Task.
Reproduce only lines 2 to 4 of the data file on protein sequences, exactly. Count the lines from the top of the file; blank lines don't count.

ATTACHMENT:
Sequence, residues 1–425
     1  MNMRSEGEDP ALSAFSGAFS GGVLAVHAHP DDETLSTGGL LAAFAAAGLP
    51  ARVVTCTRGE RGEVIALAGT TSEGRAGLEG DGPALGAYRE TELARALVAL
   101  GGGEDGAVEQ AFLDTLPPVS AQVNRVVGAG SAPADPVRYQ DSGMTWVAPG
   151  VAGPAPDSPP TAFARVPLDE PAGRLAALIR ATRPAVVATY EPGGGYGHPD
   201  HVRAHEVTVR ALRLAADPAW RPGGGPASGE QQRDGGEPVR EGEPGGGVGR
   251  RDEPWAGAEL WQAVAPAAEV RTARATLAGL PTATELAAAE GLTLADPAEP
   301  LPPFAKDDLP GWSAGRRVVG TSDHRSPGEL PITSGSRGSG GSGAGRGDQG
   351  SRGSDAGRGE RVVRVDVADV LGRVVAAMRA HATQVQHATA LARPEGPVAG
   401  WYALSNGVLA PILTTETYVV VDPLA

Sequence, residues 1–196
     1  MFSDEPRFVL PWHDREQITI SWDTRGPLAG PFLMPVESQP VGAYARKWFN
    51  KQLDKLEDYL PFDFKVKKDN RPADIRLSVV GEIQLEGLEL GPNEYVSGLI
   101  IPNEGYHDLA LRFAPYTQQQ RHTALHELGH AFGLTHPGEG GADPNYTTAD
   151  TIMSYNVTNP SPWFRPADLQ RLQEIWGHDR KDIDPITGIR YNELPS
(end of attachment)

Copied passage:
     1  MNMRSEGEDP ALSAFSGAFS GGVLAVHAHP DDETLSTGGL LAAFAAAGLP
    51  ARVVTCTRGE RGEVIALAGT TSEGRAGLEG DGPALGAYRE TELARALVAL
   101  GGGEDGAVEQ AFLDTLPPVS AQVNRVVGAG SAPADPVRYQ DSGMTWVAPG